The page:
Are 2013 tax increases coming your way? Very possibly. And it’s all because of the potential “fiscal cliff” we’re rushing towards.
The Obama Administration and Congress are trying hard to keep our economy from falling off this “fiscal cliff”. You probably hope they are successful. That’s because if D.C. doesn’t come up with a budget solution by January 1st your income tax liability might rise significantly.
If taxes do go up, many people think that the increased load will fall only on people earning $250,000 or more. As you‘ll see, that isn’t exactly the case. Come January 1st, many of the Bush tax cuts are scheduled to expire. And those cuts didn’t just help rich people. Many of those regulations were important for middle-class and lower-income people too. Let’s take a look at what might take place and how that might impact you.
AMT stands for Alternative Minimum Tax. This was originally set up in the late 60’s to make sure rich people couldn’t use loop holes in the tax code to escape paying taxes. It set up a minimum tax they would have to pay despite various deductions they could otherwise claim. It may have been a good idea 50 years ago, but it’s not really doing the job now.
That’s because you don’t have to be rich anymore in order to be subject to AMT. And if you are one of the unlucky people subject to the Alternative Minimum Tax you’ll absolutely pay more than you pay currently.
Unfortunately, the odds of that happening go up on January 1. That’s because the AMT exemption level goes back to where it was 12 years ago unless Congress acts. That’s right. Next year you’ll have to deal with AMT if you are married and earn over $45,000 a year.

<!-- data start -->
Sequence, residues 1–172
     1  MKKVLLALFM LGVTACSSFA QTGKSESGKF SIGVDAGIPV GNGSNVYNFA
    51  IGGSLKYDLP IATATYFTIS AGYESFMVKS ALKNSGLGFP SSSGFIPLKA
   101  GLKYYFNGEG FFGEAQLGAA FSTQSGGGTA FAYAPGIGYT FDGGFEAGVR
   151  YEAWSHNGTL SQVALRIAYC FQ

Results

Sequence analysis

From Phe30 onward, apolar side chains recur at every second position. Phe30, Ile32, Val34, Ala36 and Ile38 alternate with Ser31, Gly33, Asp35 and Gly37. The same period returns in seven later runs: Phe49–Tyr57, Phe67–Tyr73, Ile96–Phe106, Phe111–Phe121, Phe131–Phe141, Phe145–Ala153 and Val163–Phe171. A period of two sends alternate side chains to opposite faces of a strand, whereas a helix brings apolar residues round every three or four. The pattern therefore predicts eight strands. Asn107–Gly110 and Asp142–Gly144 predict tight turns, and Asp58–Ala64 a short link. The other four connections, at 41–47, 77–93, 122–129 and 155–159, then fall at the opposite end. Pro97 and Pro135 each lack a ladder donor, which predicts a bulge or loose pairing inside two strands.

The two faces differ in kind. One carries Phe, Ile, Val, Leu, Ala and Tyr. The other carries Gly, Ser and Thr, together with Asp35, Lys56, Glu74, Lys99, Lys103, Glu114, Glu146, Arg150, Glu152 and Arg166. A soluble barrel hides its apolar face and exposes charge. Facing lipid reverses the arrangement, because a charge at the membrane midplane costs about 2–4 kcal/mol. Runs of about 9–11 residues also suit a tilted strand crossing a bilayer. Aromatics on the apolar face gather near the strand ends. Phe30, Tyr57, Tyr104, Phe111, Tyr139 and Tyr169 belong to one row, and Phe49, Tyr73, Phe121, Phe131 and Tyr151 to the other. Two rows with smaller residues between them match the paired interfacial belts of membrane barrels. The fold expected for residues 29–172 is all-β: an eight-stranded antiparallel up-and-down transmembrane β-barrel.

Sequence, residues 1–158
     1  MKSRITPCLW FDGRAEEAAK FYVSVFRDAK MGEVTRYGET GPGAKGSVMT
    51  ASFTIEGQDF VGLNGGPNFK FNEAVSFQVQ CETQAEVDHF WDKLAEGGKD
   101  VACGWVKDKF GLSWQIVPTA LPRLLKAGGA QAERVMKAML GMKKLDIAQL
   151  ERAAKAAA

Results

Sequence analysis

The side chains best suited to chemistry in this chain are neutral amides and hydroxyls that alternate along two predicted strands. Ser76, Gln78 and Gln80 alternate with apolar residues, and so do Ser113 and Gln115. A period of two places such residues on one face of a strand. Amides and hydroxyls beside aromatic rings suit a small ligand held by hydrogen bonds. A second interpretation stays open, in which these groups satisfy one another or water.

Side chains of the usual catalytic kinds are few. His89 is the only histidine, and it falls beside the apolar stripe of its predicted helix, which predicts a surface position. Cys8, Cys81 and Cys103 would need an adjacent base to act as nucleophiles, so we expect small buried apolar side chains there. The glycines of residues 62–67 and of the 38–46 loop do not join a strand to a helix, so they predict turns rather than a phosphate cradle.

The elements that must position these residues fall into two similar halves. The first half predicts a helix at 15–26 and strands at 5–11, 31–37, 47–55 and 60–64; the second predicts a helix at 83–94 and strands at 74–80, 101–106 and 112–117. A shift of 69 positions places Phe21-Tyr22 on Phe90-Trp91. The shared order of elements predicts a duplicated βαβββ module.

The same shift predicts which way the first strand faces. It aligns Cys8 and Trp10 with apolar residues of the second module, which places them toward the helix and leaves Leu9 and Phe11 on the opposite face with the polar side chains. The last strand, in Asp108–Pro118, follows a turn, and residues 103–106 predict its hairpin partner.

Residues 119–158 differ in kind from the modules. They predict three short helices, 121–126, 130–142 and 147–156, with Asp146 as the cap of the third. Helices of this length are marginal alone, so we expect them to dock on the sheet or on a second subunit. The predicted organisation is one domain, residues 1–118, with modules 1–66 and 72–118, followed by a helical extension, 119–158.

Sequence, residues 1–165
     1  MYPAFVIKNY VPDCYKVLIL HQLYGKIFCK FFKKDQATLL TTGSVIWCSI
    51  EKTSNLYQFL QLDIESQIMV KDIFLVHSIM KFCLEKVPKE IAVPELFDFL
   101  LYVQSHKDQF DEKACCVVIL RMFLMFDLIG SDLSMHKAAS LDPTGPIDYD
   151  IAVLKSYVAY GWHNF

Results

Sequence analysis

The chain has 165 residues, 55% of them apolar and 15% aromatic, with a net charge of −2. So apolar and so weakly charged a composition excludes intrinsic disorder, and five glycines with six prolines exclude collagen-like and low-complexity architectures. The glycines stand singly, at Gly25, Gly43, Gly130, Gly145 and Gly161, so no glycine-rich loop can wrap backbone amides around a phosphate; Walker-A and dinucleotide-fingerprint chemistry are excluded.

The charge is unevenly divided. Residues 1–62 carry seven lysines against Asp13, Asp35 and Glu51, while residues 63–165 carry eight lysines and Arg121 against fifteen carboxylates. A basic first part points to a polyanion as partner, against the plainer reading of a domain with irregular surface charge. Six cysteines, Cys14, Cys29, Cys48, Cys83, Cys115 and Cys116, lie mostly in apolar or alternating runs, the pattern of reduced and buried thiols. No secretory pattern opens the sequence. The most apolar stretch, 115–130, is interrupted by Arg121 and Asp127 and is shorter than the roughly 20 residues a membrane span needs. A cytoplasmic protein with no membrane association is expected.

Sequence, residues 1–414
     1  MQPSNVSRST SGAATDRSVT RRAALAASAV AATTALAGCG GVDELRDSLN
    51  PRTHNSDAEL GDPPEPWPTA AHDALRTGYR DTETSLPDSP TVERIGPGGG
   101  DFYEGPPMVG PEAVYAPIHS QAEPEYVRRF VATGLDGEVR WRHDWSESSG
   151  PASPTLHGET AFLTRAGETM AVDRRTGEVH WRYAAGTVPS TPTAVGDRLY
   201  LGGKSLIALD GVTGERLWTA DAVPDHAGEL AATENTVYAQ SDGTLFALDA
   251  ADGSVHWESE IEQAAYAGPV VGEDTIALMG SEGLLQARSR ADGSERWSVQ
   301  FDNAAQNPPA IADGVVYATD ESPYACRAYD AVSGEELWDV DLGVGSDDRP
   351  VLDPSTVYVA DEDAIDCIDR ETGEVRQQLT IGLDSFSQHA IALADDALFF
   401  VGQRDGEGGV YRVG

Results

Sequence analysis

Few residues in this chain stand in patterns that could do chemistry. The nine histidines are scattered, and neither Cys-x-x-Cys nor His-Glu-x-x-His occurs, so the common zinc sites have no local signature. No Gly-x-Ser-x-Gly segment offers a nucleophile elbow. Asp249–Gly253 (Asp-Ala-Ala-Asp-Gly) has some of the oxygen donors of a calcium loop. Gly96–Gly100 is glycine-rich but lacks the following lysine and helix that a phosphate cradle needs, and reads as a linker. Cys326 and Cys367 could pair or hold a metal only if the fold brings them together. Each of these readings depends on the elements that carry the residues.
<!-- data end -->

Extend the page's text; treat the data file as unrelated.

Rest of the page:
If you are employed, you’ll also have to deal with higher taxes. That’s because the temporary 2% cut to SSI payroll taxes paid by employees goes away. That means all working people are going to take home less pay.
Many tax credits that were targeted to help the lower-income tax payers are slated to expire next year.
Changes to reduce the marriage penalty and the creation of the 10% tax bracket are on the chopping block too. This will really hurt low-income people because they are the folks who benefit the most from these regulations now.
To top it off, the standard deduction for married tax filers will be decreased. You don’t have to be rich to feel that pain.
According to the Tax Foundation, the typical American family is going to have to find a way to cough up an additional $3222 in taxes every year if these changes are instituted. The foundation based this projection on a family that has two children and an income of $74,563. It’s interesting to note that this adds up to 4.3% of this family’s income – that’s quite a hit.
Of course a lot can happen between now and New Year’s Day. I don’t think it’s wise to make big changes in anticipation of the potential “fiscal cliff” we are heading towards. It does make sense to be aware of this however.
Are you doing anything different because of the potential changes in tax law?